Having control of this responsibility empowers homeschooling parents. When parents can ‘do whatever they like’, the restrictive enslavement to a restrictive curriculum or way of life is no longer felt.
Home educators don’t have to stress about bad schedules, ineffective teachers, or undesirable school environments. They can choose who their children socialize with and what time they socialize.
Dealing with Bad Behaviours and Lack of Motivation
The Problem of Bad Behaviours and Motivational Issues
Dealing with bad behaviour and lack of motivation in our children is a cause for considerable discouragement and homeschooling stress in parents.
Homeschooling parents may be surprised to learn even traditional educators get worn out by the demands of constant discipline and correction in the classroom (in fact, disciplining students is one of the most significant causes for stress in teachers).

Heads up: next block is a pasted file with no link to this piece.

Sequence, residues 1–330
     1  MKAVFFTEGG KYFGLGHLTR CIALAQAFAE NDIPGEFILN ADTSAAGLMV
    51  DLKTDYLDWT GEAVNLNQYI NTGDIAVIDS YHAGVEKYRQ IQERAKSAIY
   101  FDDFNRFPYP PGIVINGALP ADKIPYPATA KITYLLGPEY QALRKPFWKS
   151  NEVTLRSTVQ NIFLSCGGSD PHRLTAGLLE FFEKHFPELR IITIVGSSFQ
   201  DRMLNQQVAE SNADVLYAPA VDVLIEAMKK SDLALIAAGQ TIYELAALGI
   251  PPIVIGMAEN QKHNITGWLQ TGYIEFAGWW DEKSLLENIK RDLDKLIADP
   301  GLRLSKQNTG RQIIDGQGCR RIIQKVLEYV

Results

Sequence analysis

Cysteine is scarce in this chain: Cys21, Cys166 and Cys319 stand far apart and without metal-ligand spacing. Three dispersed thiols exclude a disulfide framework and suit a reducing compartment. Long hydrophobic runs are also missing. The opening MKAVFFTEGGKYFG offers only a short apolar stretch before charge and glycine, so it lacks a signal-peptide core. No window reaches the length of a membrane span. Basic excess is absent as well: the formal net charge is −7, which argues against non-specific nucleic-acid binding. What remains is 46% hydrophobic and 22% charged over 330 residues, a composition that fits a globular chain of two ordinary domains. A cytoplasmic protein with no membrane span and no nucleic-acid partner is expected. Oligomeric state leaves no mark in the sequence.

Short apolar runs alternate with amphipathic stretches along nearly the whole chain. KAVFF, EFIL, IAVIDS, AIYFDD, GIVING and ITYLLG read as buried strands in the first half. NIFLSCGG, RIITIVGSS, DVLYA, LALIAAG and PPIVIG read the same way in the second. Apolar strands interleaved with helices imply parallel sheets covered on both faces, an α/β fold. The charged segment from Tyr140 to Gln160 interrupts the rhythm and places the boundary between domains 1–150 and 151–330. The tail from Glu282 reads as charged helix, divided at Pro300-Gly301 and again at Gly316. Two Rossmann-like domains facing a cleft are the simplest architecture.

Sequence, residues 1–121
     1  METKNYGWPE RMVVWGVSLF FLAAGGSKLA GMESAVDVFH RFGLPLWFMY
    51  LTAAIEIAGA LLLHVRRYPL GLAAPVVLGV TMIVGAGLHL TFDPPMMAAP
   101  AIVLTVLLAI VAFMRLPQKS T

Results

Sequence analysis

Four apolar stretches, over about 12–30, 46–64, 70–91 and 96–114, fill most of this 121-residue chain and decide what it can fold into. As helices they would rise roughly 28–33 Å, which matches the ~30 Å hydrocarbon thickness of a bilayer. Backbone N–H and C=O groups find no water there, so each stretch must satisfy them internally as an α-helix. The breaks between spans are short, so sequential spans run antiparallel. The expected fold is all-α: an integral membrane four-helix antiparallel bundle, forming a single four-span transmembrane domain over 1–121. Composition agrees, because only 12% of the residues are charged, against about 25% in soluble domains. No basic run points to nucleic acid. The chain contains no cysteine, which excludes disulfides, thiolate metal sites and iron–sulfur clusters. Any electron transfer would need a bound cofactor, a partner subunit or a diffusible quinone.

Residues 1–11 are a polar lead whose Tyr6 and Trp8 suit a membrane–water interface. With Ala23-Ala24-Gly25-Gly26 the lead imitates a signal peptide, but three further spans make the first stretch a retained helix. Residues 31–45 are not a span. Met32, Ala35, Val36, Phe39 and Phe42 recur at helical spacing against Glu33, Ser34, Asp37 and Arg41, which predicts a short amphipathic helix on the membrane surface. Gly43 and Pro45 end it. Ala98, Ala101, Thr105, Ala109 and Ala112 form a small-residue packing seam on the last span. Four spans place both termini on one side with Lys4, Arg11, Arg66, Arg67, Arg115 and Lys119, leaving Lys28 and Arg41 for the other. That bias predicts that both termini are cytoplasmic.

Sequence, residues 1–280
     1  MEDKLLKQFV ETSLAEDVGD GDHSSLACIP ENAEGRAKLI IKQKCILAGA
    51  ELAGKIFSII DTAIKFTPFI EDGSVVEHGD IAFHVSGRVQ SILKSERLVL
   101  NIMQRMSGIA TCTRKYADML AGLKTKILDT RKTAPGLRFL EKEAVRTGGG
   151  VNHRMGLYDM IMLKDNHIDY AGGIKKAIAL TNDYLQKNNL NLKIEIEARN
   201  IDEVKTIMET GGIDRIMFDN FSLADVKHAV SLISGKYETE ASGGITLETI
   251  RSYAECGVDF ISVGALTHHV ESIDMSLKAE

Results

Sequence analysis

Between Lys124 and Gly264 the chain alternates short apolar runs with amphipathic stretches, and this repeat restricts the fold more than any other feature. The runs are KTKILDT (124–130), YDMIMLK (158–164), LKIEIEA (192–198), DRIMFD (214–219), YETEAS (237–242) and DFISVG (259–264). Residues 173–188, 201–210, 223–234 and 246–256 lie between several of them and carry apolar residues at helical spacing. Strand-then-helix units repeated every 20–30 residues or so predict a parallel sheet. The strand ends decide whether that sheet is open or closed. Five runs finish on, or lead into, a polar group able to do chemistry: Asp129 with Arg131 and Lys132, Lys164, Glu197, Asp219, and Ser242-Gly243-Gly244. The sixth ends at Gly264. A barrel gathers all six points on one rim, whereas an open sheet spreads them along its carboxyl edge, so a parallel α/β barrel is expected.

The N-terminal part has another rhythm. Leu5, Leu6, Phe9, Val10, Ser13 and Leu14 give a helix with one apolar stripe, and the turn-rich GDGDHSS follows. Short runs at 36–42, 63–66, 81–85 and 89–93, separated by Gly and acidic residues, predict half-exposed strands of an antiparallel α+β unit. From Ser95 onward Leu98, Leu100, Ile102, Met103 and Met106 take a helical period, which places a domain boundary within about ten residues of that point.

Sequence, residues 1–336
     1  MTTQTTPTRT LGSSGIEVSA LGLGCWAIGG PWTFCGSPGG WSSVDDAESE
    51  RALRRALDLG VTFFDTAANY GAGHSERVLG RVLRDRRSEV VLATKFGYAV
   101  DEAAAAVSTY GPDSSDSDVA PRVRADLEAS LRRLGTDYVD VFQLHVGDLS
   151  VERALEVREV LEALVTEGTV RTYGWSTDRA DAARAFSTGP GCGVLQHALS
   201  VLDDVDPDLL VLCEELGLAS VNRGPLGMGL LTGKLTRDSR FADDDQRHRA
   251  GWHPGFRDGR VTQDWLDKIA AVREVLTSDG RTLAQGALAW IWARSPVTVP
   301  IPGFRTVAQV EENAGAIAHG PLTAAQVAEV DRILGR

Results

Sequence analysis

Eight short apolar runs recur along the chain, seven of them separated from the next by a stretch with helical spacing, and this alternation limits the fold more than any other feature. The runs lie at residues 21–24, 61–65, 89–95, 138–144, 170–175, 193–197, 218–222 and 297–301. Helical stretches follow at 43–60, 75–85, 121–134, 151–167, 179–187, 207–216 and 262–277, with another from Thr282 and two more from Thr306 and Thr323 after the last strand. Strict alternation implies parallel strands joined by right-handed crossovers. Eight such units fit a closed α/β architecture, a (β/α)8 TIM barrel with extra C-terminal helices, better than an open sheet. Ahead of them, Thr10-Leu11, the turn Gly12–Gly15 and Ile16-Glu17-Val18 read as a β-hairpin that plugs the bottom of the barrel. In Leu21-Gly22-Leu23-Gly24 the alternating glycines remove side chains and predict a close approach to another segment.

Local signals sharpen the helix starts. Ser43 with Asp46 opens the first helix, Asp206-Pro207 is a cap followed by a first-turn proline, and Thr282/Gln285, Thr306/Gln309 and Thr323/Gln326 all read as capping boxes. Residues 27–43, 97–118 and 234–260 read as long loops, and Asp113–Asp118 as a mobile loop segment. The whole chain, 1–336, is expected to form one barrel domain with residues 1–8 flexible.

Because homeschooling parents spend far more time with their children, the temptation to ‘snap’ at them is stronger and reveals our sinful hearts to our chagrin. (Of course, our children also know how to push our buttons better than anyone else!).
Failure to deal with bad behaviour effectively can lead to burnout (again, this happens to classroom teachers with ‘low classroom management skills’).
The Solution to Behaviours and Motivational Issues
Even though a homeschooler’s behaviours and lack of motivation might be frustrating, parents can teach their children wisdom about how to behave better and be more motivated. Parents can effectively disciple and mentor their children which were an enormous encouragement to home educators.